Coming out as gay, on the other hand, has been a lot more difficult. ‘When I told my best friend, she said she had known since we were 18. At that point I would have said no way, although looking back I was very conflicted about it. I restricted myself – I hated myself for a while, actually. I thought I couldn’t be gay.’

I ask what she thinks was the source of those self-imposed judgements.

There’s a pause; this is clearly a difficult question. Lis has become open about her sexuality relatively quickly in comparison with how she expected to be, once she had acknowledged it herself. Initially she was terrified at the thought of telling anyone, more because she expected their criticism than that she’d heard any.

‘My first girlfriend was someone I met at a summer camp, and it was a very intense experience – not just because I fell in love, it’s just an intense experience working on one of those camps full stop. You’re busy all the time, and you’re surrounded day and night by all these people whom you’ve never met before, and will probably never meet again. You form strong bonds, but actually they bear no relevance to your life outside of the camp.’

It was in this context that Lis was first persuaded it was ‘safe’ to be honest about being gay. ‘My girlfriend pointed out that no one at the camp had any preconceived ideas of who I was, so why would it matter to them? And if it did, it didn’t make any difference because I wasn’t going to see them in the outside world once the summer was over.’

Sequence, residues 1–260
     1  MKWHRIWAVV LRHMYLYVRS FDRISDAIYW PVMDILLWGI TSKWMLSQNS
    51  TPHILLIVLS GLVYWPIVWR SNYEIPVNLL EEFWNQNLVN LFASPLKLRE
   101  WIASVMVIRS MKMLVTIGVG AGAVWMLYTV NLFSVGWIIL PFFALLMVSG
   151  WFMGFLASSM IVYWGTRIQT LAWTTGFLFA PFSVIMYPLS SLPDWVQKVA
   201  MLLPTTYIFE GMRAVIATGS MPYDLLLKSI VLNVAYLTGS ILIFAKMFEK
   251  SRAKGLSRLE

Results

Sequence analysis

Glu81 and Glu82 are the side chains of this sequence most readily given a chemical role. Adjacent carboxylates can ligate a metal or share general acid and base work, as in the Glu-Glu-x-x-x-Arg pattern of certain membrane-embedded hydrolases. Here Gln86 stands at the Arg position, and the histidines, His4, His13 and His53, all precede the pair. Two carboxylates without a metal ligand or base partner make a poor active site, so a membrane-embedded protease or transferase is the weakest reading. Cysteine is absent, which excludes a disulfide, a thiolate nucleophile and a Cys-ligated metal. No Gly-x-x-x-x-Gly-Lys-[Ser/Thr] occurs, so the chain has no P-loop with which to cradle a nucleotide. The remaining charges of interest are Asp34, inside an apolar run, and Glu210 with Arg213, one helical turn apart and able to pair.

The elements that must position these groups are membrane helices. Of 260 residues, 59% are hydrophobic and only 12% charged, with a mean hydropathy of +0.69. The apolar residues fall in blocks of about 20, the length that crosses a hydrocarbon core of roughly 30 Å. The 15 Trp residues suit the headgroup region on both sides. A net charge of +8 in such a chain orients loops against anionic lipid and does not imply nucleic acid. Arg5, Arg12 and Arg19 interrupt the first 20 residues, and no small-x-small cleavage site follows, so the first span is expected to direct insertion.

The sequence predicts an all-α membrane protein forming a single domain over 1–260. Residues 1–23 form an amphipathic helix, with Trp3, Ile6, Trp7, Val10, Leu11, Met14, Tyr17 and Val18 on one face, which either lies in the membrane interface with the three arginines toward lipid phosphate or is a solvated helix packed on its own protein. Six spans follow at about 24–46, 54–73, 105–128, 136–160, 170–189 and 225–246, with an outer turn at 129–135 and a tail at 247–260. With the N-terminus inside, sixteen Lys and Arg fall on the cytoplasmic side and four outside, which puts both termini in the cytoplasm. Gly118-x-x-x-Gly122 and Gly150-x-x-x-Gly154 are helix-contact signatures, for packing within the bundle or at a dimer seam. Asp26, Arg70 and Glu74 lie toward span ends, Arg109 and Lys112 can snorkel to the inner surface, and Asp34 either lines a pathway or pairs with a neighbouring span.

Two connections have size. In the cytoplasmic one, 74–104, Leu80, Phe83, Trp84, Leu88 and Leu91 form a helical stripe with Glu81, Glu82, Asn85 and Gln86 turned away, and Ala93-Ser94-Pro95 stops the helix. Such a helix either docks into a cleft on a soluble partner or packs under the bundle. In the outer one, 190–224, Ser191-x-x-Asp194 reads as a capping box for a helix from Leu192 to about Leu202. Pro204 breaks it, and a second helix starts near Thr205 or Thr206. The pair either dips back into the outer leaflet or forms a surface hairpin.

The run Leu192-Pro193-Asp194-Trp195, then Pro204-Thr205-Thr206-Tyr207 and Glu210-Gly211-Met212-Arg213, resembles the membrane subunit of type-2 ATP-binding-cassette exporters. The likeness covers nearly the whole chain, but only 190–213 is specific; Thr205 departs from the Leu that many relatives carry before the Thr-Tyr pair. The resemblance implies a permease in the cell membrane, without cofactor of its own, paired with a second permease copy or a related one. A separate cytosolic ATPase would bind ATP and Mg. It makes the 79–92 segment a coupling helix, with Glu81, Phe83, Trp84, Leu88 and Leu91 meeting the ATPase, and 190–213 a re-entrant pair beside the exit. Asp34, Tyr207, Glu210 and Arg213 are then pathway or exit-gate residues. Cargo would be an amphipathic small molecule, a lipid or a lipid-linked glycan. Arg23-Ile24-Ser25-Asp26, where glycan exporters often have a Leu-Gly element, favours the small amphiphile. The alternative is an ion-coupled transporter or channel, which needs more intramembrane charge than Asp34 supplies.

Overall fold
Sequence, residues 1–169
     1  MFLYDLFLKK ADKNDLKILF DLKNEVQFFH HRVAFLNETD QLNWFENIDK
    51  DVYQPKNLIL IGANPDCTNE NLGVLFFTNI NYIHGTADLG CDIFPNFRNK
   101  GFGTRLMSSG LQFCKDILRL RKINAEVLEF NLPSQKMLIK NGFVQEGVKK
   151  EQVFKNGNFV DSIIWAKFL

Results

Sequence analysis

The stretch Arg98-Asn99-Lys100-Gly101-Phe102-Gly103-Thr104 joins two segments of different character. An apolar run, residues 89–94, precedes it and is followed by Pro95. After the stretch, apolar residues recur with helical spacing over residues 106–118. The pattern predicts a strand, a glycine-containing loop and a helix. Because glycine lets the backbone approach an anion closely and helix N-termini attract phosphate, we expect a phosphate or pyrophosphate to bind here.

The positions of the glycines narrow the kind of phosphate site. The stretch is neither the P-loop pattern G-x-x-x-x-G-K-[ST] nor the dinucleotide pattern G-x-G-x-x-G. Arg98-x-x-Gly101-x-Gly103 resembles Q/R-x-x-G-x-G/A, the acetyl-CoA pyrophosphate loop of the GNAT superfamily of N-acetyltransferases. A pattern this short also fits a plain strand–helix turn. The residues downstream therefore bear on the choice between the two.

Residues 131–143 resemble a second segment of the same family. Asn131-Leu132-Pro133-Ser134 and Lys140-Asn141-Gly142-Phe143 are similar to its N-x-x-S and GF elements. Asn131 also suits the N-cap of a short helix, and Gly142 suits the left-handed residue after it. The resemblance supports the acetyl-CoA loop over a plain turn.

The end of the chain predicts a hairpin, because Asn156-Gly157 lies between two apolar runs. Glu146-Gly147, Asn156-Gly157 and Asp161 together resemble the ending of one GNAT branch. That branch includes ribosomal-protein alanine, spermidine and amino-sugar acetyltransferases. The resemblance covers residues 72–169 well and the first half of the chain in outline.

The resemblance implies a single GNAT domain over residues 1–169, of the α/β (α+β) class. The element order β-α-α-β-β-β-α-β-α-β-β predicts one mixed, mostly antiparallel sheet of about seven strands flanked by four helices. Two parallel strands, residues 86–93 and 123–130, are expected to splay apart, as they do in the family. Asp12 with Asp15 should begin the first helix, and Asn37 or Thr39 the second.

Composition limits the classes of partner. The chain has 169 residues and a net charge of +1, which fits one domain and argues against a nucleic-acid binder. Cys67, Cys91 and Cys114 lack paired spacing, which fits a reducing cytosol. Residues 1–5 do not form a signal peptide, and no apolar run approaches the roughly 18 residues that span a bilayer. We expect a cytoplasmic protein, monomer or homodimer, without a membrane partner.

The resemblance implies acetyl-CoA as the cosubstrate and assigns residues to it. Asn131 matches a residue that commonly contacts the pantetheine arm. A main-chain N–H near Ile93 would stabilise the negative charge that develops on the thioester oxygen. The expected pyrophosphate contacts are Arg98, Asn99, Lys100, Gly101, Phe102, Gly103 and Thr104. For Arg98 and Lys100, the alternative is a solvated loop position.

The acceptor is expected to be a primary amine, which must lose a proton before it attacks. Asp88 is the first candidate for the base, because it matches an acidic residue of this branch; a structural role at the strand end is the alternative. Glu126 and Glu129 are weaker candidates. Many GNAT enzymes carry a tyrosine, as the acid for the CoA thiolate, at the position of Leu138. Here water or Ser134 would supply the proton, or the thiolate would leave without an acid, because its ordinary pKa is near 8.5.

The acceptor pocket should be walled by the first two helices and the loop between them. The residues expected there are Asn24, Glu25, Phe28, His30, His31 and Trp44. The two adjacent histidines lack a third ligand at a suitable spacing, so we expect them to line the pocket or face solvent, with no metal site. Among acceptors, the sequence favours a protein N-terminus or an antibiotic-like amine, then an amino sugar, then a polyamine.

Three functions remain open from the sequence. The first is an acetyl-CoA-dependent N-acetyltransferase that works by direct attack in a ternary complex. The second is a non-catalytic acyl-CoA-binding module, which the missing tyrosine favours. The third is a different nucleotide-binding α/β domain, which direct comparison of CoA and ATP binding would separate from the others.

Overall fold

Even so it was a major step, and Lis recalls that she worked herself into a panic preparing to tell her best friend from school.

‘If it had gone badly with her, I don’t think I could have faced telling so many of my other friends so soon afterward. As it was, people have been so fine about it, there’s hardly been any awkwardness at all.’

Within a few weeks she had told most of her good friends and some of the wider circle, and it’s now fairly common knowledge, although she has still kept it a secret from a few key people – her father, her godparents, and some other relatives. These are the ones whom she feels will be most judgemental, and she can’t see any way in which telling them won’t provoke outrage.

‘My godparents are such deeply religious people,’ she explains. The reaction she expects is still holding her back from being completely free about part of herself, and she’s not ready or able to address that yet. ‘My dad came in to find me and my stepmother discussing the music I would want played at my wedding. Not only did he think the music was wrong for a wedding, he told me how absurd it was to be thinking about a wedding when I don’t even have a boyfriend. My stepmother and I just looked at one another (she knows I am gay). If he can’t even indulge some ahead-of-time wedding discussion, how would he feel if he knew that if I was going to get married, it wouldn’t be to a man?’

I ask why she’s so adamant that he would react so badly. Wouldn’t it make a difference that she is his daughter?